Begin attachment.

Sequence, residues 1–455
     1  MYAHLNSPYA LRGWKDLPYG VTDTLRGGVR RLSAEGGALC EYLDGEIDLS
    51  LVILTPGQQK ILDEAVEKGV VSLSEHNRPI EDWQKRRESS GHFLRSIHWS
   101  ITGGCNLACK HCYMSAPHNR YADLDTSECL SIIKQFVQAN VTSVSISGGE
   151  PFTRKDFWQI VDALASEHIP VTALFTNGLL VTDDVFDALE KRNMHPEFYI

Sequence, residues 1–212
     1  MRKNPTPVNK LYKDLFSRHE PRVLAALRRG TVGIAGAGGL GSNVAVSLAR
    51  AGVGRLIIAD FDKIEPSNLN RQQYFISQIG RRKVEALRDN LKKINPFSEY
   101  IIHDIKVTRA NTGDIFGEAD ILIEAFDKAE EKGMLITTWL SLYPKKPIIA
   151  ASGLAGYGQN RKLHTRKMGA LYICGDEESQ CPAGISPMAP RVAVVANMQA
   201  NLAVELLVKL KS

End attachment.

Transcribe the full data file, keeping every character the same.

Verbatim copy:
Sequence, residues 1–455
     1  MYAHLNSPYA LRGWKDLPYG VTDTLRGGVR RLSAEGGALC EYLDGEIDLS
    51  LVILTPGQQK ILDEAVEKGV VSLSEHNRPI EDWQKRRESS GHFLRSIHWS
   101  ITGGCNLACK HCYMSAPHNR YADLDTSECL SIIKQFVQAN VTSVSISGGE
   151  PFTRKDFWQI VDALASEHIP VTALFTNGLL VTDDVFDALE KRNMHPEFYI

Sequence, residues 1–212
     1  MRKNPTPVNK LYKDLFSRHE PRVLAALRRG TVGIAGAGGL GSNVAVSLAR
    51  AGVGRLIIAD FDKIEPSNLN RQQYFISQIG RRKVEALRDN LKKINPFSEY
   101  IIHDIKVTRA NTGDIFGEAD ILIEAFDKAE EKGMLITTWL SLYPKKPIIA
   151  ASGLAGYGQN RKLHTRKMGA LYICGDEESQ CPAGISPMAP RVAVVANMQA
   201  NLAVELLVKL KS